Being abroad is much harder than I had ever anticipated. There are the logistics to work out, places to adjust to, and people to meet and befriend. For me, particularly in the beginning, it was hard to become accustomed to my new environment, mostly because change is almost always difficult for me. However, now I am approaching the halfway point of my experience and I feel that I have fully adjusted to the Irish culture and thing things it has to offer. Although, some days are still difficult; I often miss my family, friends, and home institution but the things that I have seen and the people that I have met make it all worth the few struggles! Since embarking on my journey in Ireland, and having had the opportunity to see and meet new people and places, I have attained a better appreciation for home, as well as an improved insight about my own self. Read more
It is now officially one week since I’ve landed on the Emerald Isle and what a jewel it really is. To be frank, I don’t think I’ve ever been to a place quite like this- a culture shock indeed. My journey began with my departure from home. Dad, Lucia, Nikki, and Brendin accompanied me to Boston’s Logan International Airport and we said our teary-eyed goodbyes at the security gate. I am very surprised at how well I handled myself in all my traveling, despite a few more tears on the flight while listening to a music playlist I had made for my father. I must say the excitement as the plane slowly landed on the runway in Dublin was extremely thrilling. There, I met Coleman (my Interstudy advisor) and Christine (another America student studying at NUIM). The three of us quickly bonded while we tried to strategically fit 6 over-sized suitcases, 1 heavy duffle bag, 1 rubbermaid storage container, and 2 larger carry-ons into Coleman’s tiny car. If not for my conveniently tiny size and ability to squeeze into small spaces, I might still be at the airport. Upon our arrival on campus, Coleman guided us around the beautiful south campus and traditionally modern north campus of NUIM. Unfortunately, meanwhile, the immediate change was a bit too much for my body to handle- as the first couple of days, I saw more of the apartment as I would have liked to due to some jet lag and nerves. Luckily, with a bit of rest and some fresh air while sight-seeing, I was able to quickly recuperate. It is then that we met up with Coleman and an Interstudy student studying at Trinity for a bite to eat and some browsing in Dublin. Read more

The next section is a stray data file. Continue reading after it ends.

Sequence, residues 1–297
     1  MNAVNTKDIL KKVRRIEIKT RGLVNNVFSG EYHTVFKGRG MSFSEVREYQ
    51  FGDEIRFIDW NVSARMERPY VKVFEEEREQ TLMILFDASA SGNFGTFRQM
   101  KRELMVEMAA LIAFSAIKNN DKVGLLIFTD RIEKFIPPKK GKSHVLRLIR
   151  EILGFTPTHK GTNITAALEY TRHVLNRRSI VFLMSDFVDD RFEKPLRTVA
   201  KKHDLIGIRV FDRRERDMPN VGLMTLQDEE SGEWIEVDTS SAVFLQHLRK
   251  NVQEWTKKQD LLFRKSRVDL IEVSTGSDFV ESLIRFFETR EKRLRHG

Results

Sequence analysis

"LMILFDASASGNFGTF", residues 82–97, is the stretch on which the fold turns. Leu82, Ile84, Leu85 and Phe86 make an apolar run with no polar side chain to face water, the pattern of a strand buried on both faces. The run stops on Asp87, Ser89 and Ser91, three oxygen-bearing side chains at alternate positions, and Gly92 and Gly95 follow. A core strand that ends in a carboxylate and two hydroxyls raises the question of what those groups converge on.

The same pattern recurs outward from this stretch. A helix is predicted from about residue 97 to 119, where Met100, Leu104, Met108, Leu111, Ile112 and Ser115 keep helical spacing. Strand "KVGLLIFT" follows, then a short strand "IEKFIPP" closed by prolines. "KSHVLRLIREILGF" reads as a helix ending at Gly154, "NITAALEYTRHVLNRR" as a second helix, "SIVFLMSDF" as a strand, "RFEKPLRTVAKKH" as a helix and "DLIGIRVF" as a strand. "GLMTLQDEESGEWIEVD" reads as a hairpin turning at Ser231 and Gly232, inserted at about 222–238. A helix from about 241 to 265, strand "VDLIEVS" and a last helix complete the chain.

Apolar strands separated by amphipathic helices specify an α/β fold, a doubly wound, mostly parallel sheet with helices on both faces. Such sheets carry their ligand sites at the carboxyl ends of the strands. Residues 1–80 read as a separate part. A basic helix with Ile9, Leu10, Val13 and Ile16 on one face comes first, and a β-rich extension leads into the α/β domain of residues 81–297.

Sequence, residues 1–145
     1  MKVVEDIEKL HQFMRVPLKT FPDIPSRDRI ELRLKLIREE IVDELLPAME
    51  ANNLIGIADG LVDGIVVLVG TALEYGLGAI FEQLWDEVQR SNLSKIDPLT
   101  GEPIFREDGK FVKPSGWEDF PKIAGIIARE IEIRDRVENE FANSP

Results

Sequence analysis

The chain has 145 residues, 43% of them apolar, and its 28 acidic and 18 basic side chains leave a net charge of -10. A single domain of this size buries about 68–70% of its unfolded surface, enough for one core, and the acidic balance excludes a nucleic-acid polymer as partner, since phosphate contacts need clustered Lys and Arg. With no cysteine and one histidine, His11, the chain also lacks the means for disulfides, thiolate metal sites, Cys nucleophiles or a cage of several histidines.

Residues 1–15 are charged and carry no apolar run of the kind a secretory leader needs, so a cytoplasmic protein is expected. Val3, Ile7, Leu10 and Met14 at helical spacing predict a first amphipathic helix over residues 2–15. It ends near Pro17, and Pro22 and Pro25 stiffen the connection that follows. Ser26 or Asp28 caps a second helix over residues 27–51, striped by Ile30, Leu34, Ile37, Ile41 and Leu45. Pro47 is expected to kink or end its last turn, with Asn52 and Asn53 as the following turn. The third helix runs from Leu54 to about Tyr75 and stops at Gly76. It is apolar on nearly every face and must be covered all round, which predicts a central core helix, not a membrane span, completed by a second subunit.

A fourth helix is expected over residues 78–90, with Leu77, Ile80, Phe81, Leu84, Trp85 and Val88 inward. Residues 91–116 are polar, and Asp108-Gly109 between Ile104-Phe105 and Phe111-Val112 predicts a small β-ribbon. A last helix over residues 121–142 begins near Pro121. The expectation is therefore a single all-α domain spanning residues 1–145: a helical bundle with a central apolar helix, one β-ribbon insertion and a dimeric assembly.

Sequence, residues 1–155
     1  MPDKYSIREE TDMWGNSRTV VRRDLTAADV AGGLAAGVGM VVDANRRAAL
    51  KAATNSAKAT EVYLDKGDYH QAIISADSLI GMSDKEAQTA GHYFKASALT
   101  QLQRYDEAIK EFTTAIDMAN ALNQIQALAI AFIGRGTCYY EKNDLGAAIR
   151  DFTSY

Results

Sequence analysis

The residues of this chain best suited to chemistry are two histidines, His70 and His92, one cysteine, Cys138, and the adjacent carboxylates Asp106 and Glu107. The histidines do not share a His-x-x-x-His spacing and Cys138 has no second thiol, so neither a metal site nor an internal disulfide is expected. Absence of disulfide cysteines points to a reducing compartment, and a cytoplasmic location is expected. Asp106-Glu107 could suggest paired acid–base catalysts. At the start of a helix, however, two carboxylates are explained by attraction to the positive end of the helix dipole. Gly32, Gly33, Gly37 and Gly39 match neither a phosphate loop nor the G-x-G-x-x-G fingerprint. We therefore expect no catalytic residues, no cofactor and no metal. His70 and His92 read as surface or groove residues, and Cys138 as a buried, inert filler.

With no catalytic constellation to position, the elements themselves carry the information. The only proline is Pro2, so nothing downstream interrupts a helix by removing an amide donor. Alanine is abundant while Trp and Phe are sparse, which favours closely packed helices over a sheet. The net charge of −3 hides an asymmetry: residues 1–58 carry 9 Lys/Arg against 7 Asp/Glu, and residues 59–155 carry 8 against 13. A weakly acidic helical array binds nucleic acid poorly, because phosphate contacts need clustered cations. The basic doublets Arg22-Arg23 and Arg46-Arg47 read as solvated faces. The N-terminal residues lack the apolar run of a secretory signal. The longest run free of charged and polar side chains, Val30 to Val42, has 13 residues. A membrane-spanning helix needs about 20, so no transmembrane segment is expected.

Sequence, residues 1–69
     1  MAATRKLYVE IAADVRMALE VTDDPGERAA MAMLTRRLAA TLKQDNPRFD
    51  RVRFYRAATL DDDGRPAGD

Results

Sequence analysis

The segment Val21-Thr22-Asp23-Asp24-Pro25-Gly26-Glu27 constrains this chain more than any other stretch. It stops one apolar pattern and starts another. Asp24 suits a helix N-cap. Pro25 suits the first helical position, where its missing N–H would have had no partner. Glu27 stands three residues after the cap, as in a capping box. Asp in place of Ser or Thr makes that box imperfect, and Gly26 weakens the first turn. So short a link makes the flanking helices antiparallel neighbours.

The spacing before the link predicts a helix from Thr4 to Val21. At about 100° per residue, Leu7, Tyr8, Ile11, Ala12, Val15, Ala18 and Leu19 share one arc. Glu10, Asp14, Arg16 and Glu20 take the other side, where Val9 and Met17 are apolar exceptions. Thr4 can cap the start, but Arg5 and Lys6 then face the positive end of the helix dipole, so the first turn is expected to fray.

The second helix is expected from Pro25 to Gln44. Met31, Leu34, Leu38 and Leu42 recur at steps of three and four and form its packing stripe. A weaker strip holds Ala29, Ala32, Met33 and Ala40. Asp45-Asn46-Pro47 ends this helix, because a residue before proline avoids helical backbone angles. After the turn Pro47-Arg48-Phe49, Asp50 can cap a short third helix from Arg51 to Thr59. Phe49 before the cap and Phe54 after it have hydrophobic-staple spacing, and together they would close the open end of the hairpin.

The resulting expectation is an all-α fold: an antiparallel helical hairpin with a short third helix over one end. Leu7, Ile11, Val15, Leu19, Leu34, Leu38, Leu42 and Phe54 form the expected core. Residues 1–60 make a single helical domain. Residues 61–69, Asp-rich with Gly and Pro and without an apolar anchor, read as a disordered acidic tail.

I’ve been in Cape Town for a little over a week, but it’s felt like I’ve been here for months. The concept of time in Africa is completely different than anything I’ve experienced in America. In the States, I was used to constantly checking my phone for the time and scheduling out every minute of every day. In Africa, I barely know what day of the week it is. Everything moves at a slower pace, which the locals explain with the saying, “This is Africa.” If a friend asks you to meet them at a café at 10am, they mean any time between 10am and 11am. Read more
After a whirlwind finals week at the University of Denver, my (short) summer has finally begun. Throughout the chaos of papers, projects, exams, and packing, it was easy for me to forget about the adventure in Cape Town that soon awaits me. However, somewhere during the “see-you-in-January-goodbyes”, reality started to sink in and I was reminded about the trip that will commence in just 36 days. Between the looming what-if questions that are unavoidable for nearly any student planning to go abroad and my Type-A personality, I’m anxious to be in Cape Town simply so I can stop stressing about the pre-trip nerves and tasks. Read more